# Horizontal forces

1. Dec 9, 2013

### Branny12000

I have a surface that has minimal to no friction and I have used an elastic band to set my disc off from one end of the surface to the other. It crashes into the wall the other side and rebounds. How can I work out the acceleration. Am I right in assuming that at first the disc travels at a constant velocity because of minimal friction and then crashes into the wall and this is the first time it experiences acceleration in the form of deceleration to be brought to a halt. So am I able therefore to simply work out the distance travelled before it comes to a halt and the time taken?

Many thanks in advance guys :D

2. Dec 9, 2013

### sophiecentaur

In an ideal situation like this, simple Newton rules and the velocity is constant. You will need more information to decide what happens during and after the collision.

3. Dec 9, 2013

### Branny12000

What sort of information would I need to determine how deceleration works to bring it to a halt?

4. Dec 9, 2013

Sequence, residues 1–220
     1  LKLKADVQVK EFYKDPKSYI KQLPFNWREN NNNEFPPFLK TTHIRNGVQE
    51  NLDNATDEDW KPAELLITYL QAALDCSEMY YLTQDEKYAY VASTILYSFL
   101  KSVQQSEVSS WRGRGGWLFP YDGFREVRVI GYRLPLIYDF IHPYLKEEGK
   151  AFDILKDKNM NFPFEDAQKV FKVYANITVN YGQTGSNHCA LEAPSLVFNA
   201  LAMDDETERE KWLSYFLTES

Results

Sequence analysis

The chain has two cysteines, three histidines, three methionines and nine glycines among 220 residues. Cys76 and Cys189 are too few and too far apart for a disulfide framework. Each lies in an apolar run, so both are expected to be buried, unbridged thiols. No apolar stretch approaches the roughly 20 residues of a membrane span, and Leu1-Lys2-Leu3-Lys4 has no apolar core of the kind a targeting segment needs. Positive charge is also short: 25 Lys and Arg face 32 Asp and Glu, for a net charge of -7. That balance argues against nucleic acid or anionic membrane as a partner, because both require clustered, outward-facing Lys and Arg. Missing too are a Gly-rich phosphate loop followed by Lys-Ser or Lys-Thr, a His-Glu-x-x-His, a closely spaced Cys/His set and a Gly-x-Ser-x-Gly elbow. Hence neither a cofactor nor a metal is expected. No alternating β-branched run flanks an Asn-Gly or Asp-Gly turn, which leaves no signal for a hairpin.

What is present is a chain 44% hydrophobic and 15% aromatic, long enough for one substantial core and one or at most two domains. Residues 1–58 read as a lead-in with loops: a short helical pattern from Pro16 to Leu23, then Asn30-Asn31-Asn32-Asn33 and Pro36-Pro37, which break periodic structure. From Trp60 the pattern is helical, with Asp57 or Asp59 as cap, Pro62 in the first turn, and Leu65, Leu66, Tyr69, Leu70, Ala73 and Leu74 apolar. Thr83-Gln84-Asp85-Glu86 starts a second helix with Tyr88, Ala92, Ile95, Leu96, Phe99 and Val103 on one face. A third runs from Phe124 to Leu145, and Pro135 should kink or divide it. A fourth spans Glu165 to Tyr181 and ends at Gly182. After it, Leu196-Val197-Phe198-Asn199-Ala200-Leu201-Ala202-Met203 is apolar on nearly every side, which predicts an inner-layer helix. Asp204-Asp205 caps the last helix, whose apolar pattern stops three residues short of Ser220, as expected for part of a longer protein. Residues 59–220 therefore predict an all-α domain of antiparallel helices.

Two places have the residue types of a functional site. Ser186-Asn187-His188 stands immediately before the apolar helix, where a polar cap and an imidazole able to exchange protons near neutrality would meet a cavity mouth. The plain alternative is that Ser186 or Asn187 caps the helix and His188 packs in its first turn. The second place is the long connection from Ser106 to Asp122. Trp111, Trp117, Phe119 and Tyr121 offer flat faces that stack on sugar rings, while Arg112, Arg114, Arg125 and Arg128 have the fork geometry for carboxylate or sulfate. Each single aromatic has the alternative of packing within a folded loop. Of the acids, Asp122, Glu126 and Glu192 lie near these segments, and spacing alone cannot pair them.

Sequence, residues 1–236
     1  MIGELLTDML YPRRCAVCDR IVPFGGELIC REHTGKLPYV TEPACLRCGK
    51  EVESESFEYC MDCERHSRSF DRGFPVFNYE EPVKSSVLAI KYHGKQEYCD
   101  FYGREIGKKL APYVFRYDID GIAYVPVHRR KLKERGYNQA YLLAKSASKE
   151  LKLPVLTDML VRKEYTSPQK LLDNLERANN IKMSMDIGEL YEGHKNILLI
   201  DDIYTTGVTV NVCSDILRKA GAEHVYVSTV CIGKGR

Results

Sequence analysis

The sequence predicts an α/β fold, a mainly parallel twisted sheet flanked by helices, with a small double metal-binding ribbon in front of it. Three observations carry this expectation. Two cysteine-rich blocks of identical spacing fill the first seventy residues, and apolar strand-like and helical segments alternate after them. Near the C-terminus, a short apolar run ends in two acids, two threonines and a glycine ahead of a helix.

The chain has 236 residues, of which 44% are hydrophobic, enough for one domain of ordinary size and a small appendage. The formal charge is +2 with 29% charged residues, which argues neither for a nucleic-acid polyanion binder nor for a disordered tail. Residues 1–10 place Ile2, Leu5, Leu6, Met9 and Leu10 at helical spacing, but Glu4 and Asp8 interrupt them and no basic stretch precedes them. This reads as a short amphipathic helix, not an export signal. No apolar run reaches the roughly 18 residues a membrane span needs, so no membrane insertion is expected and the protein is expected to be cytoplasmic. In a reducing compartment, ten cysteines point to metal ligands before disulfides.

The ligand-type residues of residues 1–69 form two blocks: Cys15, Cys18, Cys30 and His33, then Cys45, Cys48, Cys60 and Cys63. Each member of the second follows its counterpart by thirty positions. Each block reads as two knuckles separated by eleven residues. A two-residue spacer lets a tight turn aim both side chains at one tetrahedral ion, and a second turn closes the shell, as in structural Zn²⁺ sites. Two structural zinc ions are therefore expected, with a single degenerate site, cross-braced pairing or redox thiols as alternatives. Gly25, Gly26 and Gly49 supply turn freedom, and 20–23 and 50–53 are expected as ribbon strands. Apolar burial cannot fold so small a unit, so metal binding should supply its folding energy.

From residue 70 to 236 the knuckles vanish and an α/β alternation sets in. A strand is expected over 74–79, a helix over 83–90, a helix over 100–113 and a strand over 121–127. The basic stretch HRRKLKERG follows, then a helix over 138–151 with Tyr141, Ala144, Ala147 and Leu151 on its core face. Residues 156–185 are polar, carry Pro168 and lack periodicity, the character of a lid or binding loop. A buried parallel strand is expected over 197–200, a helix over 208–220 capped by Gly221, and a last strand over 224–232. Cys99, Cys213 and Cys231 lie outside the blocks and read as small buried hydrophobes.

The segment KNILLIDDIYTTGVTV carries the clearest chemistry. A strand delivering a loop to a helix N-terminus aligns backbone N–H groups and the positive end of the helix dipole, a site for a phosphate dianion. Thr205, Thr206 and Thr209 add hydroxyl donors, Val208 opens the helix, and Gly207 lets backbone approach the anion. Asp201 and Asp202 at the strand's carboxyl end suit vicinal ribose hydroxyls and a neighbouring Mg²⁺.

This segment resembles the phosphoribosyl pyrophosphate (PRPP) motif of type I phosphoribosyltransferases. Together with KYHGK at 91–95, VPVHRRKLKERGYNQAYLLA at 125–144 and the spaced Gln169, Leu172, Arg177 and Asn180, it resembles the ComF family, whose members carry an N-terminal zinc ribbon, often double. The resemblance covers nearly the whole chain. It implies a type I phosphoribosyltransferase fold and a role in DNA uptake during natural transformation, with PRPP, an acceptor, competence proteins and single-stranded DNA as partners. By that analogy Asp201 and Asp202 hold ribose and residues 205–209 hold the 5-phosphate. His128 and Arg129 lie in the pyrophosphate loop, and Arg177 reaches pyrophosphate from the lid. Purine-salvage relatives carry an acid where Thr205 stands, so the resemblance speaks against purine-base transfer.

### Branny12000

PS Am I able to simple assume constant velocity as the disc approaches the wall, ie distance of the surface/time taken to travel from one end to the other?

5. Dec 10, 2013

### sophiecentaur

Which bit of the experiment are you considering? You have not made it clear. Are the start and final conditions relevant to your question (apart from launch velocity and zero final velocity)?
In the drift phase, there is no acceleration so time = distance / velocity. At the start, you would need to estimate the energy stored in the band and assumed that all goes to KE of the disc. The impact phase is anyone's guess until you specify something about the nature of the wall it hits.

6. Dec 11, 2013

### Branny12000

Thank you. Well I intend to work out initial velocity by working out how long it take to get from one wall to the other. However, after impact I know it will deceleration but by how much I'm not sure. The wall is a hard surface.

7. Dec 11, 2013

### sophiecentaur

?? You still don't make it clear which order you are doing things. Have you measured something or are you trying to predict something? Some more background might be helpful (as ever) if you want useful responses. You can't tell what the acceleration was unless you know the distance or the time taken to get to speed. Even them, a rubber band has an odd force / extension characteristic (not like a Hooke's Law spring) so it would only be an estimate. If you actually want to find the launch speed then you could. perhaps, work that out by finding the force from the band over the range of stretched lengths and calculate the stored energy - and hence, the Kinetic Energy of the launched disc.